FRANKFORT, Ky. (7/8/13) – U.S. Rep. Ed Whitfield (KY-01), Chairman of the House Subcommittee on Energy and Power, today introduced the Caring for Coal Miners Act. The legislation, co-sponsored by Rep. David McKinley (R – WV) and Rep. Shelley Moore Capito (R – WV), ensures continued health care coverage for miners in danger of losing their benefits resulting from the bankruptcy of Patriot Coal Company.
“It is critical that we protect the health care benefits of the thousands of Kentucky miners who have worked hard their entire careers to earn those benefits,” stated Whitfield. “That is why I have introduced the Caring for Coal Miners Act to ensure that the hardworking miners who took to the mines day in and day out don’t lose the health care that they have rightfully earned.”
“I have met with retirees from West Virginia, and I hear their concerns,” said Congresswoman Capito. “It is important that as we continue to address the complicated issues that resulted from the bankruptcy of Patriot Coal Company that we find the best solutions moving forward. The Caring for Coal Miners Act ensures continued health care coverage for the retirees who are in danger of losing their benefits. It is also an important step forward in protecting the benefits that were promised to hardworking miners in states like West Virginia and Kentucky.”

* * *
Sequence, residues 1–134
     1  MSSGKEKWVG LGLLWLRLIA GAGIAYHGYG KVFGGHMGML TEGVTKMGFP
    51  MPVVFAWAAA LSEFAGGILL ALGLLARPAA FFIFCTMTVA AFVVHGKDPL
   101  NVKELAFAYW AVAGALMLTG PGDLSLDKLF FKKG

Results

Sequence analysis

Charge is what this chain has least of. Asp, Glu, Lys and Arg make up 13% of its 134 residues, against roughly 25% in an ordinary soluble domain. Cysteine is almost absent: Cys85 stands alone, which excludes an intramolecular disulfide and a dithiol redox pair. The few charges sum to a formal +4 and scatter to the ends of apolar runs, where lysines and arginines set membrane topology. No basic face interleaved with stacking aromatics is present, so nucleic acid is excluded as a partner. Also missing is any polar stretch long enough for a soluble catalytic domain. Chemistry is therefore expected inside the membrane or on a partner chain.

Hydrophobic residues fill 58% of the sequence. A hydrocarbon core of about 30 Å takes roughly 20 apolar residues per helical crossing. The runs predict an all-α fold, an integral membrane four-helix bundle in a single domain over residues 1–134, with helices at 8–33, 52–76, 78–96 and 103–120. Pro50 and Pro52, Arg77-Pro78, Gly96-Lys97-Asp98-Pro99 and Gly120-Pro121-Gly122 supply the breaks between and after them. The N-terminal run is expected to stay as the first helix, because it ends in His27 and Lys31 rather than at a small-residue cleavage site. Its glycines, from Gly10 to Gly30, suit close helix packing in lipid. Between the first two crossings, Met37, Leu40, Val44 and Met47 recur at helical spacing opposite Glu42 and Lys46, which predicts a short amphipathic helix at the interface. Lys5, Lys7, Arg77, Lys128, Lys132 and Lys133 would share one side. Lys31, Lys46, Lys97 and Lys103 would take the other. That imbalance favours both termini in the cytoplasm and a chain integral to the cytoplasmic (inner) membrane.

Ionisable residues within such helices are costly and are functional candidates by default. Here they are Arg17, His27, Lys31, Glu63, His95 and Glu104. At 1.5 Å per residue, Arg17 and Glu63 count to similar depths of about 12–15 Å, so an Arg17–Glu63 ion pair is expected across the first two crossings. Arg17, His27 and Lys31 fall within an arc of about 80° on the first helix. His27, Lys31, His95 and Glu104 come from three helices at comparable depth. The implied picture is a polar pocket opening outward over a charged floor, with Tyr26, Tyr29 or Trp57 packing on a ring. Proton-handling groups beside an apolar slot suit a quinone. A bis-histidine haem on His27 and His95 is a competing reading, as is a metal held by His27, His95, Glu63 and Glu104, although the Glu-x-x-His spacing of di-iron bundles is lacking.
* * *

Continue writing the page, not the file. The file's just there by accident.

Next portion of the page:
According to Whitfield, the Chapter 11 bankruptcy protection that Patriot filed in July 2012 may impact the health care benefits of roughly 1,500 people and their families in Whitfield’s district. They claim that they will not be able to emerge from bankruptcy without significant changes to retiree health care obligations. As a result, a bankruptcy court recently ruled that Patriot Coal is authorized to transition retirees into a Voluntary Employee Beneficiary Association (VEBA).
There is uncertainty regarding the solvency and availability of the VEBA due to the United Mine Workers of America (UMWA) recent appeal of the court’s ruling. Whitfield’s legislation addresses this issue by making miners in danger of losing their health care benefits due to Patriot Coal’s bankruptcy eligible for UMWA’s 1993 Benefit Plan.
In early June, Whitfield introduced a discussion draft to begin the process of formally introducing the Caring for Coal Miners Act. Whitfield acknowledges that there are challenges with retirees’ pensions, but the most immediate concern is the availability of health care benefits, which is why he is taking this immediate step.
“Protecting the health care benefits is just the first step in what may very well amount to a multifaceted process,” concluded Whitfield.
Information provided by Chris Pack
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